Thoroughbred horses have been instrumental in barrel racing since the invention of the sport. However, full-blooded Thoroughbreds that have won large barrel races remain relatively unknown. Their achievements have been overlooked and underplayed. And while barrel racers may be familiar with some bygone Thoroughbred stallions and mares, their influence in industry is often glossed over as well.
Thoroughbreds have won professional rodeos, topped super shows and appeared on the cover of Barrel Horse News. Despite their accomplishments, many misconceptions about the breed persist. We challenge you to throw away any preconceived notions that you may have about Thoroughbreds. The breed is not fragile and crazy as it is often depicted. Truthfully, the right kind of Thoroughbred can achieve great things in the right hands.
The Right Kind of Thoroughbred
Thoroughbred horses are descended from hundreds of strong English mares and a handful of refined Middle Eastern stallions. For centuries, they have been used not only for racing, but for carrying soldiers into battle, delivering the mail and working on farms and ranches. Since there are many Thoroughbreds with diverse bloodlines, it stands to reason that there are different types of within the breed. One of those types happens to be the right kind for barrel racing.
Now, the kind of Thoroughbreds that run in the Kentucky Derby tend to be long and lean. Horses such as Triple Crown winner Justify are built to run long distances. While Justify is beautiful, his physique would likely limit his ability in the barrel pen. Few barrel racers would willingly choose a horse with his conformation as a prospect. It is the familiarity with this kind of Thoroughbred that deters most barrel racers from even considering the breed. They assume that all Thoroughbreds are built this way. However, for every Thoroughbred that looks like Justify, there is one that looks like Jill Lane’s incredible sire Red, Ryann Pedone’s producing mare Star Zone, or the 6666 Ranch’s handsome stallion Ketchum Cowboy.
The ideal conformation for barrel racing tends to be found not in distance runners, but in sprinting Thoroughbreds. The speed sprinters possess cannot manifest without a balanced neck, sloping shoulder and powerful hindquarters. The right kind of Thoroughbred will incorporate those characteristics into a compact, athletic frame. Although they are bred primarily for speed, sprinting Thoroughbreds are usually capable of rating, turning and accelerating with ease.
Of course, the right kind of Thoroughbred will also have intangible qualities. They will be intelligent and eager to learn. They will be tenacious and attentive. While this breed may not have a reputation for being level-headed, many individuals have workable minds. The right kind of Thoroughbred will have an incomparable willingness to please.
Thoroughbreds and Speed
Thoroughbreds were extremely influential in the development of the modern Quarter Horse. In fact, the term ‘Quarter Horse’ is a shortening of the phrase ‘Celebrated American Quarter Running Horse,’ which was used to denote top sprinters in early Thoroughbred stud books. The original ‘Quarter Horses’ were Thoroughbreds that excelled at racing short distances. Over time this type was selectively bred, outcrossed and designated as its own breed. However, even after the formation of the American Quarter Horse Association in 1940, Thoroughbreds continued to dominate sprint races.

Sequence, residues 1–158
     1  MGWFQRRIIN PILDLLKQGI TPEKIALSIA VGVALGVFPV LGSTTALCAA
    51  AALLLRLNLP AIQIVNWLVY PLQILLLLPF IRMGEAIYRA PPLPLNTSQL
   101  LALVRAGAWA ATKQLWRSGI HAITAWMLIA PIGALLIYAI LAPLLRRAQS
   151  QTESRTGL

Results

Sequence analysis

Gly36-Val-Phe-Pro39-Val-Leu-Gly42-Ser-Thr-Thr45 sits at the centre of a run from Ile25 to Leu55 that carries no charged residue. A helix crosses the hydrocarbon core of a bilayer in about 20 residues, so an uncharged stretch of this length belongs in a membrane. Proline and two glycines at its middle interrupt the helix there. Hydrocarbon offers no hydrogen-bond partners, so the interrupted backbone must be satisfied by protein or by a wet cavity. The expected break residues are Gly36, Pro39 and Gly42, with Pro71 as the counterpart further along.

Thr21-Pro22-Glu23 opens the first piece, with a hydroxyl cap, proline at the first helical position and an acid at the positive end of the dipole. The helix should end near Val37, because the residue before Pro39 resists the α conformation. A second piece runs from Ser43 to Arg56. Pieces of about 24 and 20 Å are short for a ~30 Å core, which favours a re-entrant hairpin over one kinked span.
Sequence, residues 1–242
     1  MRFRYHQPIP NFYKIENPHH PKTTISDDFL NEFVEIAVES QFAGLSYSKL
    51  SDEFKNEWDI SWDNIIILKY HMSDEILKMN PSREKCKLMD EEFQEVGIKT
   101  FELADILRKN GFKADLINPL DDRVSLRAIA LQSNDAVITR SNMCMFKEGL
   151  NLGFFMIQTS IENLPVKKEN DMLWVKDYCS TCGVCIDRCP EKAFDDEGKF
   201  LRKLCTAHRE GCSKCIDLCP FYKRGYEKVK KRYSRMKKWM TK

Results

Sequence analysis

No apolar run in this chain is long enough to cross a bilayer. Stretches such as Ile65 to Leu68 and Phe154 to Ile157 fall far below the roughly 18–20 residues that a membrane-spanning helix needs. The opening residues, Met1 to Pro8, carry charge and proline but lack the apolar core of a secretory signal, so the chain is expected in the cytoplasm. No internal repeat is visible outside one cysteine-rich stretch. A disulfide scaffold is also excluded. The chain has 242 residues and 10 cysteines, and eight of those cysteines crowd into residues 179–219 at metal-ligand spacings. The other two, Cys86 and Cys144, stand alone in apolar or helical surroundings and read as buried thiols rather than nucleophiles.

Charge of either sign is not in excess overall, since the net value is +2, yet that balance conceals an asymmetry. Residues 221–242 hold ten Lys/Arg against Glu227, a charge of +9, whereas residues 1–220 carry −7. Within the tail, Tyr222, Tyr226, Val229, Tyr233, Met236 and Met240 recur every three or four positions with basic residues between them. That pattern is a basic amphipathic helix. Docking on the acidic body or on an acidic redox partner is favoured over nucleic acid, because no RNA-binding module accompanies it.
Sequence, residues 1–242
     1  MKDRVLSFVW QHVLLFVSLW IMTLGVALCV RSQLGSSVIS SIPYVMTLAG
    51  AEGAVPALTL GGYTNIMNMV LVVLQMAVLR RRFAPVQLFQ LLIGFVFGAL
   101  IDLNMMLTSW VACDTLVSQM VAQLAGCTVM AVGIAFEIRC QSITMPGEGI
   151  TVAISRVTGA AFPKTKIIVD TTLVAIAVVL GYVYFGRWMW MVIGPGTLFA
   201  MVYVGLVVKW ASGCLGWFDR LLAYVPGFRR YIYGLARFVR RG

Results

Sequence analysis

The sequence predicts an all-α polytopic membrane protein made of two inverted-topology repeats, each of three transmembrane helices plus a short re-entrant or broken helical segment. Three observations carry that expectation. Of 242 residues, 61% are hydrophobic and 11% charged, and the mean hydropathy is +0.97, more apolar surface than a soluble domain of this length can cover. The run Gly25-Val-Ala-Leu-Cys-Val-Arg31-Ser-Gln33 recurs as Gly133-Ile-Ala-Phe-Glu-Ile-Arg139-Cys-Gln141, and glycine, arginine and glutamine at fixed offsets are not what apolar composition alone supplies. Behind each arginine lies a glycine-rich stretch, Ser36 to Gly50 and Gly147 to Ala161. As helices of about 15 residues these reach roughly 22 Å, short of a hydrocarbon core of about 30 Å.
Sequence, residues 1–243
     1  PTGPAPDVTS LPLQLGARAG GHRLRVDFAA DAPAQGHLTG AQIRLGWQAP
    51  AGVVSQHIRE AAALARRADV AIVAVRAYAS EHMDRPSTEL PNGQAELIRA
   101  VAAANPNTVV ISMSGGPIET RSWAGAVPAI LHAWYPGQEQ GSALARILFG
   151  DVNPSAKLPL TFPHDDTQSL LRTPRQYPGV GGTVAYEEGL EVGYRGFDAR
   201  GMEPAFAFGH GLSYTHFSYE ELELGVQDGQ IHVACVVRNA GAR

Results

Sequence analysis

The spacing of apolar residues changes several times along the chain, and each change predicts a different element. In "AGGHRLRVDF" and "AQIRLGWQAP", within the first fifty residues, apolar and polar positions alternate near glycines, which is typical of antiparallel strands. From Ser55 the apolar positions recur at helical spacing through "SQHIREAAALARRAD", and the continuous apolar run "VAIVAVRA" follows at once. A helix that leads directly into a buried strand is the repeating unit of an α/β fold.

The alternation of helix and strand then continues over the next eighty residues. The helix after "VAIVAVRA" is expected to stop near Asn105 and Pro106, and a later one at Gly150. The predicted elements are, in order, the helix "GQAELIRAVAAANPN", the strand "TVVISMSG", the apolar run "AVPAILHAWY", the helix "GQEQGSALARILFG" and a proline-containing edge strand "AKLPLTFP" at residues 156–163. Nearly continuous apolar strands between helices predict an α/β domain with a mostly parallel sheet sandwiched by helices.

Thoroughbreds such as Piggin String, Woven Web, and Brigand set track records and earned Champion Quarter Running Horse titles year after year. Then in the 1960s, a Thoroughbred mare named Little Lena Bars equaled the world record at 220 yards and set new world records at 250, 300 and 330 yards. She also equaled and set new track records at 400 and 440 yards. Her dominance prompted retaliation from the young AQHA. When the organization realized that nearly all the records in Quarter Horse racing belonged to a Thoroughbred, they deleted all mention of times and records set by Thoroughbreds and banned the breed from major Quarter Horse races.
This was also about the time Quarter Horse owners and breeders began to belittle the Thoroughbred with unfair generalizations. Despite this pushback, Thoroughbreds remained vital to the Quarter Horse racing and barrel racing industries. Some of the most prolific barrel horse stallions – Beduino, Coup De Kas, Hempen, Mito Paint, Pass Em Up, Raise Your Glass, and Zevi – were Thoroughbreds. Although the stereotypes still persist, so do their names in pedigrees and, not surprisingly, results.
Currently, numerous full-blooded Thoroughbreds are competing in the Women’s Professional Rodeo Association and other large barrel racing associations. Even though they are drastically outnumbered, they have proven themselves at all levels. So why are Thoroughbreds still overlooked in barrel racing? Maybe it is the assumption that all Thoroughbreds look like Justify. Or maybe it is the persistent stereotypes that started decades ago. Nevertheless, there are Thoroughbreds out there that meet the criteria for making good barrel horses.
While Thoroughbreds seem like unorthodox barrel horse prospects, they may be perfect for buyers searching for high-quality horses without the high-quality price tag. And when the right kind of Thoroughbreds are paired with capable trainers and riders, they can accomplish amazing things. The only limitations that truly exist for these horses are the stigmas that we place upon them.
If you are interested in purchasing or adopting and off-track Thoroughbred, the Thoroughbred Aftercare Alliance’s directory of accredited organizations is a great place to start.